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FORUM: QUALITATIVE SOCIAL RESEARCH SOZIALFORSCHUNG
Review:
Jeffrey K. Lange

Volume 3, No. 4, Art. 28 November 2002

Richard A. Krueger & Mary Anne Casey (2000). Focus Groups. A Practical Guide for Applied Research (3rd Edition). Thousand Oaks, CA: Sage Publications, 206 pages, ISBN 0-7619-2070-6 cloth, £ 54.00, ISBN 0-7619-2071-4 paperback, £ 25.00
Key words: focus group, researchmethodology, social science research methodology, marketing research, public opinion research, citizen participation research 1. Introduction 2. Shortcomings 3. Contributions References Author Citation Table of Contents Abstract: KRUEGER and CASEY have prepared a handbook for planning, preparing for, and carrying out focus group studies. A work apparently aimed at an audience of novices, Focus Groupslacks solid theoretical grounding, promotes substituting idiosyncratic phrasing for technical terms more commonly used in the field, and overlooks or minimizes focus group advantages for evoking structured surprise and revealing target-audiences' linguistic constructions.

1. Introduction
The term "focus group" is well known today, not just among research professionals but among the public. Suchbroad (yet shallow) familiarity introduces a danger when one writes about the focus group as a technique for scientific discovery. Here is why: In this postmodern age, self-help books purport to create instant expertise in many fields. Following this trend, Richard A. KRUEGER and Mary Anne CASEY's book Focus Groups aims to educate students and managers how to plan, conduct, analyze, and reportresearch projects using the focus group technique. [1] After a brief overview chapter, their book progresses in the same logical sequence as a focus group study—chapter 2 on planning, chapter 3 on developing a "questioning route" (not the usual "discussion guide"), chapter 4 on recruiting participants, chapter 5 on moderator skills, chapter 6 on analysis, and chapter 7 on reporting results. These arefollowed by four more chapters dealing with fine tuning the reader's familiarity with focus groups. The book appears to be styled as a friendly volume, with extra-wide pages to facilitate note-taking, generous helpings of cartoon illustrations, and a spiral binding allowing it to remain open on the reader's desk. Occasionally, various tips are presented in one-third to one-half page boxes. Theauthors complete the tour in just over 200 pages, followed by two pages of references. [2]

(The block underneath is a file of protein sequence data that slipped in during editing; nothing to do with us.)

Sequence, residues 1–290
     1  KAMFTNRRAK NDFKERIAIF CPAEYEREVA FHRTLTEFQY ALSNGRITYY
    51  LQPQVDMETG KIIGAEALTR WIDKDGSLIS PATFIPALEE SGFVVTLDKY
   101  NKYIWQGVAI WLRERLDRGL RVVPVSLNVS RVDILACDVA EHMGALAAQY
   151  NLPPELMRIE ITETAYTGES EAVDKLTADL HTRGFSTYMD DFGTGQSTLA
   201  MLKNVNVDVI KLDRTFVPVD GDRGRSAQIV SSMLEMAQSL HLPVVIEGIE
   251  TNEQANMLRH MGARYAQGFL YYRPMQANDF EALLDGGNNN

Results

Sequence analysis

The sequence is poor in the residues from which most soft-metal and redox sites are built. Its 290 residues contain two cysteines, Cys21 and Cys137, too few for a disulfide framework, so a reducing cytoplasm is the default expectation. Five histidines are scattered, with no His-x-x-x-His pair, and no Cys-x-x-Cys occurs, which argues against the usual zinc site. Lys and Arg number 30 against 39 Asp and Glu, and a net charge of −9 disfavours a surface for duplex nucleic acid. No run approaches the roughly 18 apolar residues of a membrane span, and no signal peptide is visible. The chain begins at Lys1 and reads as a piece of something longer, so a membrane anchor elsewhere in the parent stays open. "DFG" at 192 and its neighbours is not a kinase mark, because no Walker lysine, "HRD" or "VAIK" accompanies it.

© 2002 FQS http://www.qualitative-research.net/fqs/ Forum Qualitative Sozialforschung / Forum: Qualitative Social Research (ISSN 1438-5627)

FQS 3(4), Art. 28, Review Jeffrey K. Lange: "Focus Groups. A Practical Guide for Applied Research" (Krueger & Casey 2000)

The book provides numerous pointers onfocus group pragmatics, but it disappoints in its minimal treatment of focus group methodology (as contrasted with "methods") and its overdone attempts to be accessible and cute to the focus group novice. It probably should have been titled, Focus Groups Lite, Third Edition. [3]

2. Shortcomings
For one thing, KRUEGER and CASEY tread too "litely" on the variety of theoretical foundations for focusgroup effectiveness. They could have cited or quoted from George SIMMEL (on why people would confide in a moderator they have never met before; see his classic essay "The Stranger" in WOLFF 1950, pp.402-408) or from Erving GOFFMAN (1959) on impression management by moderator and participants, including front-stage and back-stage variations. Largely unanswered are questions like, "Why should focusgroups work at all?" "Why would people divulge private thoughts and feelings to perfect strangers?" "What happens when revelation is leveraged by cash payments, turning us into 'paid informants'?" [4] Extended consideration of underlying philosophy of science questions appears in Chapter 11—entitled, "Answering Questions about the Quality of Focus Group Research." Placement of such issues at...
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